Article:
How to write a research paper
This is a form of academic writing that involves research, analysis and interpretation of information by an individual and the consequent presentation of such information in a term paper, thesis or dissertation. A research paper consists of several sections namely; Cover page, title page, abstract, table of contents, body, findings, analysis and discussion, conclusion, bibliography and appendix. These sections differ with each type of research paper but they provide the guideline to the general outline of your work.
Steps to writing a research paper
- Research topic identification
Identify your topic of research. It can be a topic you are interested in, an emerging issue of concern, where you believe to have an existing gap or a topic related to your current study or work. Be flexible in identifying your topic and avoid discussing over-researched topics or very recent topics that lack background information to base your research on. On top of that, write on a topic that is neither too broad nor too narrow; your topic should be such that you fully address its issues without repetition.
A research paper is written in a format based on the author’s choice or as directed by the professor. The commonly used formats are APA and MLA format. Only one format can be used in a paper. Certify that you follow the format requirements to the latter by downloading a guideline. The format may require the use of headers, footers, specific spacing and font requirements, title page format and so on.
- Find information and develop a title
The topic doesn't necessarily mean you have a title to your work. Research on the topic identified using credible sources such as books, articles and other publications. This will provide you with the baseline information needed to fully understand your topic and guide you in developing a title. Ensure to develop an interesting title to captivate your audience and encourage their further interest in what you have to say.
- Conduct further research on your title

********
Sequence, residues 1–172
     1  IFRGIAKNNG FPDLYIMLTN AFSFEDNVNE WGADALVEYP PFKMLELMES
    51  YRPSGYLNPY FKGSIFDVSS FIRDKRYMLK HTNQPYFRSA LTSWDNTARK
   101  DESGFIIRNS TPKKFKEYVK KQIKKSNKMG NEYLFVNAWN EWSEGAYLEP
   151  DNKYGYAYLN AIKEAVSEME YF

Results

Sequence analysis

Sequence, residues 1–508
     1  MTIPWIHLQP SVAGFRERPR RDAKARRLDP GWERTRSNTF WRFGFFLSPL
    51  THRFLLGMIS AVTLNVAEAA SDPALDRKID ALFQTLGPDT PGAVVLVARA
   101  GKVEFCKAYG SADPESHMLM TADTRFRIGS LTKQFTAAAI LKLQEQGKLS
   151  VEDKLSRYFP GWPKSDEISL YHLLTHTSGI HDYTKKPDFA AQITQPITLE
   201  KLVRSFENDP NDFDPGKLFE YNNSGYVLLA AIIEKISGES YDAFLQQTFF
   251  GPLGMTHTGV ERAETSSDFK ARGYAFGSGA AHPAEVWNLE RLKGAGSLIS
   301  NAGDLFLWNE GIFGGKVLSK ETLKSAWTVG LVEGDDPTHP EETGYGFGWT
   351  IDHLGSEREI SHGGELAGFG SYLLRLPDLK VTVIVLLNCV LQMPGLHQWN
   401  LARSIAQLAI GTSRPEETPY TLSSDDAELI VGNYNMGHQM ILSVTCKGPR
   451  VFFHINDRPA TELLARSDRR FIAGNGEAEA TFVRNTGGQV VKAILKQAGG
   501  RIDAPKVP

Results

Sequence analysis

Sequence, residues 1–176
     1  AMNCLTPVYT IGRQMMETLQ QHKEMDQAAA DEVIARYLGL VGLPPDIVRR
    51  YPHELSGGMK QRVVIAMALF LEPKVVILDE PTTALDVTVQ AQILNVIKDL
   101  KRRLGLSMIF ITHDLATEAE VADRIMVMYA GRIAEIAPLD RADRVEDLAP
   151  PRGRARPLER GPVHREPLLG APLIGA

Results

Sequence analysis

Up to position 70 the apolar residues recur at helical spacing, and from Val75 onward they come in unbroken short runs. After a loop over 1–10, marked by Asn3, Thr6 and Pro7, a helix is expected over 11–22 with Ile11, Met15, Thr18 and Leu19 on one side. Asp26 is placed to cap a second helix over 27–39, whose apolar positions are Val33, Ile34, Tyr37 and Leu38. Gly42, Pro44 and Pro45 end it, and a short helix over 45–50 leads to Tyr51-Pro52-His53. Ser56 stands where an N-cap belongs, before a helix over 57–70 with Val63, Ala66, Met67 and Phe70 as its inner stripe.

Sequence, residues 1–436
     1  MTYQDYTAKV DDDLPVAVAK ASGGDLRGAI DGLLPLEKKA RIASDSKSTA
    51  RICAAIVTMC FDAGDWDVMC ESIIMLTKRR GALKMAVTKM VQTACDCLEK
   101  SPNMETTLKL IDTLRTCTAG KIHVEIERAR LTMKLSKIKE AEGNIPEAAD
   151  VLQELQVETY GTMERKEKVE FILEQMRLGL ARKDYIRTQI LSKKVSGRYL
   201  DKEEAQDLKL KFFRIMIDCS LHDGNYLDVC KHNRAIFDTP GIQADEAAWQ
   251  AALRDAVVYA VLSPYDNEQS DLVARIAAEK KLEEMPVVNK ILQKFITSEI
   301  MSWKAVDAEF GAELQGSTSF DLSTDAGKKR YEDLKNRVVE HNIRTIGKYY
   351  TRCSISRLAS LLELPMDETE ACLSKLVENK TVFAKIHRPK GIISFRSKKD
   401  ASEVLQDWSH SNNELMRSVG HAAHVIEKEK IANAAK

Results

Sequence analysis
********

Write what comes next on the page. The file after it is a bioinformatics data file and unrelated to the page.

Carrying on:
This research is more critical and guided as you have already developed your title. The research is within the scope of your paper and is guided by keywords you have generated while doing background for information. If you find that you are beyond the expected number of pages for your paper based on information acquired you may narrow down your scope by changing the title and vice versa.
- Develop a proper thesis statement
A thesis statement presents the actual scientific problem that you seek to address. In addition, it acts as a guide as you write your paper. Lastly, it not only presents the problem but also your position in relation to the problem
- Make an outline for your work
An outline is where the author notes down their key points and arranges them in an order in which they seek to address. When arranging it is vital to make certain that each point builds up to the next. This provides flow to your work and promotes a reader's understanding of your work.
- Write down the first draft
Do not expect perfection from your first draft. It acts as a tool for measuring how good and authentic your research, analysis and interpretation is. The first draft allows you to identify errors in your flow of work you would have otherwise missed.
The draft should follow the research paper format and involve in cite quotations where necessary. Additionally, the draft should also include a bibliography that outlines your sources.
- Revise your work
This involves the draft and the outline. Guarantee that your work presentation is done in a logical sequence. Errors identified in your draft are corrected. Moreover, revision safeguards that the body conforms to the outline presented.
- Type final paper and edit mistakes identified from your revision
Ultimately, avoid generalizations, ambiguity, plagiarism and exceeding word limits.